First, noticeably absent from both Count 2 and the entire complaint is Plaintiff's religion. Reading the complaint liberally, however, the court construes the complaint as alleging that Plaintiff is not Muslim.[3] Second, Plaintiff's allegation that Mr. Abdelmohsen called her "anti-Muslim" suggests only that Mr. Abdelmohsen may have viewed Ms. Mekonnen as harboring animus toward him on account of his religion. But even if this allegation could somehow be construed to suggest that Mr. Abdelmohsen harbored animus toward Ms. Mekonnen on account of her religion, Plaintiff's claim that Mr. Abdelmohsen "had been tolerated from disciplinary action by Muhammad Kahn because he was a Muslim as Muhammed Kahn himself was also a Muslim, " Compl. at 6, states no adverse action against Plaintiff, let alone one motivated by religious animus.

(c) Sex-Based Discrimination

Plaintiff does not sufficiently allege facts to support a claim for discrimination based on sex. In pleading her cause of action for sex-based discrimination, Plaintiff only alleges that her employer treated male employees more favorably by not taking action against them when they violated the company's rules and that her replacement was male. Whether or not Plaintiff is referring to her allegation that she was treated differently than Mr. Abdelmohsen or insinuating that male employees were not terminated for committing the same errors that she allegedly committed which lead to her termination, Plaintiff does not allege facts suggesting that her alleged disparate treatment was based on her sex. Accordingly, this claim must fail.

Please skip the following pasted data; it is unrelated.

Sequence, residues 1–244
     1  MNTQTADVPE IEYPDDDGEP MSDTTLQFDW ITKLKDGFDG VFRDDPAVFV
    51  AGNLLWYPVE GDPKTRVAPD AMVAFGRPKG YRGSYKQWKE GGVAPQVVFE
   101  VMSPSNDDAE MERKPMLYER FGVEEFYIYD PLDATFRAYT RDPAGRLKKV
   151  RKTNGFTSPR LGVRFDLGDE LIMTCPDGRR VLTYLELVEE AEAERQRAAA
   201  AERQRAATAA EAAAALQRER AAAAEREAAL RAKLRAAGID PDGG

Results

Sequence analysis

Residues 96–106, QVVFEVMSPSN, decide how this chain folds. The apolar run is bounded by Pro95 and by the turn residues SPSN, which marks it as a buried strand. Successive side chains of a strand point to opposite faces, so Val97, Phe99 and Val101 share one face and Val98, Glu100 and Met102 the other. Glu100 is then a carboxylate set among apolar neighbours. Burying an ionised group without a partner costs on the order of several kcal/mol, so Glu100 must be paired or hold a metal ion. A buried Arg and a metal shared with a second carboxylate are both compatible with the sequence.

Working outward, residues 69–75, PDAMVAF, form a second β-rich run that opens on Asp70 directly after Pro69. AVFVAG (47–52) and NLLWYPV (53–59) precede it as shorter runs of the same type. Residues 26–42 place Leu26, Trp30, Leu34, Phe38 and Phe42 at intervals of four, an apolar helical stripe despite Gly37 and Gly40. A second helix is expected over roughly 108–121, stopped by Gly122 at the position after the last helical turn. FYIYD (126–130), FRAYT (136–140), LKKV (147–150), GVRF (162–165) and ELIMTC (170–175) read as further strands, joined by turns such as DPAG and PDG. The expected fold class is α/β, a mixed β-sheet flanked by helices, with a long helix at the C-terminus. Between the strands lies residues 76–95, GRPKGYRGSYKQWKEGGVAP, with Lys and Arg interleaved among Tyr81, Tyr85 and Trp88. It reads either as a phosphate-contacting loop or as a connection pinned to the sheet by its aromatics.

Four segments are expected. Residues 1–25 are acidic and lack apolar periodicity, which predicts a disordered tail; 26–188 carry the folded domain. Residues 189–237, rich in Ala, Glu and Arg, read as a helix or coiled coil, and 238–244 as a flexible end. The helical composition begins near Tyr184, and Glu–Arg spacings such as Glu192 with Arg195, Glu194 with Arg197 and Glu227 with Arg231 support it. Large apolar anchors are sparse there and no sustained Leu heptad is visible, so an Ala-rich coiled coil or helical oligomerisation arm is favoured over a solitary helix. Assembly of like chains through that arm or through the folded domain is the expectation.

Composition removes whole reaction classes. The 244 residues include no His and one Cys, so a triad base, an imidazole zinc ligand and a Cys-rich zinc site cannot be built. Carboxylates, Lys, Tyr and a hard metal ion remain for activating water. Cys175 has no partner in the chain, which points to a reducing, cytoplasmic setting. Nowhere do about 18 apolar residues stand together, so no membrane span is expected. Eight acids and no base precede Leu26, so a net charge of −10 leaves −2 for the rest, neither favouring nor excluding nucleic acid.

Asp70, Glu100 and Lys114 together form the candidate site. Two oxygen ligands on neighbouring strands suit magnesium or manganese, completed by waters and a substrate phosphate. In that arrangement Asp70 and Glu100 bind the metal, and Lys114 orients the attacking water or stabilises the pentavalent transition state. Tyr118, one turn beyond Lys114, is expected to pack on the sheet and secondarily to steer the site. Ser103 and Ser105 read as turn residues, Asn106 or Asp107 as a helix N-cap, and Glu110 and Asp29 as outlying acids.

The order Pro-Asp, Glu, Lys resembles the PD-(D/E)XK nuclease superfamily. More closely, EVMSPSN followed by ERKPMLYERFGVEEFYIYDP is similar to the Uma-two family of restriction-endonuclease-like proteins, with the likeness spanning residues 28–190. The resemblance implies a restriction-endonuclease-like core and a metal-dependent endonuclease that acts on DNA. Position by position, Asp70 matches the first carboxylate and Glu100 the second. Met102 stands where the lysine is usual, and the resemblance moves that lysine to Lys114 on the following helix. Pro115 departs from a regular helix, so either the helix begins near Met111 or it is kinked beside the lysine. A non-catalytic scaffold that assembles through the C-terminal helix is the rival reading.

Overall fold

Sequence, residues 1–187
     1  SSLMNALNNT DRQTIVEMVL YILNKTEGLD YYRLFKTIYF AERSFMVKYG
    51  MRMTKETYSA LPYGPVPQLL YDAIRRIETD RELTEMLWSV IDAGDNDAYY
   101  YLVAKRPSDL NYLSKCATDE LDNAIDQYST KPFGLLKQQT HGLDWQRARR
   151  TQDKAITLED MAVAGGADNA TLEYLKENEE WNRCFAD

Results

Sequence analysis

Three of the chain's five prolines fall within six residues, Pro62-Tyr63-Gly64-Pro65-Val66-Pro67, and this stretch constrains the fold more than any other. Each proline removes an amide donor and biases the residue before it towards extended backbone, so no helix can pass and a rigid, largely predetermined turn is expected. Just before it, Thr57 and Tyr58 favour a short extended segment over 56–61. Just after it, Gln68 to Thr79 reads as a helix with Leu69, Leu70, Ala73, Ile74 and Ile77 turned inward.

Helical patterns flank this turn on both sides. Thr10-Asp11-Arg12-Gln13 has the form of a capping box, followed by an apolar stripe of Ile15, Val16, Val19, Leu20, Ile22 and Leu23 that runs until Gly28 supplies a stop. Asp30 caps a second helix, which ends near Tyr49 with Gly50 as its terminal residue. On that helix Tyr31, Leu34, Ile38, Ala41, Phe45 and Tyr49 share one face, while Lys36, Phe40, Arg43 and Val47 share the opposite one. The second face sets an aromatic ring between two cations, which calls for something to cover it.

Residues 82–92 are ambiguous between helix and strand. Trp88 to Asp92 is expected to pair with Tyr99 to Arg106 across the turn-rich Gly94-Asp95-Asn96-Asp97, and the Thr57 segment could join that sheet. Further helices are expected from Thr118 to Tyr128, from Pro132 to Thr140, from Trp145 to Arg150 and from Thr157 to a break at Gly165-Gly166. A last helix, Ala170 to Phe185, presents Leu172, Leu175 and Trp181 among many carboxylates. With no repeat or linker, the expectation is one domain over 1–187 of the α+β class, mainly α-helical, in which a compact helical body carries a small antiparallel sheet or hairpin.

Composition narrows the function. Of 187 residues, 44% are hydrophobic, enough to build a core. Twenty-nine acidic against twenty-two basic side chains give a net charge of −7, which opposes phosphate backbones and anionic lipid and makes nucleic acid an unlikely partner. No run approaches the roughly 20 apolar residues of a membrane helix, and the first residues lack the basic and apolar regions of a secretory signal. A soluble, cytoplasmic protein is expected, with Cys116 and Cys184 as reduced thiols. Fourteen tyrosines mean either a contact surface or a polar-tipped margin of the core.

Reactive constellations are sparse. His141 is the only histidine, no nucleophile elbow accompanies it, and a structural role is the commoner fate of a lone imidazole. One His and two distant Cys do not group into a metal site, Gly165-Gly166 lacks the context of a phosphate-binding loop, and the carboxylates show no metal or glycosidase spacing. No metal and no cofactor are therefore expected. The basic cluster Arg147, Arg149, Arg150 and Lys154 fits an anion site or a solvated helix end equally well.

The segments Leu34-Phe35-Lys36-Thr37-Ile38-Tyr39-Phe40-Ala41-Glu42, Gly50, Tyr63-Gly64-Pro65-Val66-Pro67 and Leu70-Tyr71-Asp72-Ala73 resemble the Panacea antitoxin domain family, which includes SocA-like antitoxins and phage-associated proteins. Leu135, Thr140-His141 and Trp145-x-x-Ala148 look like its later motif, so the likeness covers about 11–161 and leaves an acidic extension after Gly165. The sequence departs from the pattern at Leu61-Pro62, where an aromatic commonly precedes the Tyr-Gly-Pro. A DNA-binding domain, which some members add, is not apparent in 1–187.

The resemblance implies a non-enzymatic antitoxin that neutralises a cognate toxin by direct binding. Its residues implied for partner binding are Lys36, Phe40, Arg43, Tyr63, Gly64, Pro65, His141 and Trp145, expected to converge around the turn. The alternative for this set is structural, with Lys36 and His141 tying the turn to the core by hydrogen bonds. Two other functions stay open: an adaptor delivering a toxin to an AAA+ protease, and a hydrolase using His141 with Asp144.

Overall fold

(d) Retaliation

Plaintiff's retaliation claim fails because she has not pled that she was retaliated against for engaging in protected conduct. "To make out [a] prima facie case [of retaliation], [Plaintiff] [must] show that [s]he engaged in protected conduct, that [s]he suffered some adverse action, and that a causal connection existed between the protected conduct and the adverse action. Mole v. Univ. of Massachusetts , 442 Mass. 582, 591-92 (Mass. 2004) (quotations marks and citation omitted). Here, Plaintiff claims that she was terminated "for my threatening the Manager that I will take the company to court of law if I am terminated on ground of falsehood." Compl., 6. This claim, however, is not based on her engaging in protected conduct, and, without more, does not allege that Defendant retaliated against Plaintiff for her threatening to sue the company for reasons relating to discrimination. Thus, because the conduct alleged by Plaintiff does not qualify as protected conduct under Mass. Gen. Laws ch. 151B, this claim must be dismissed.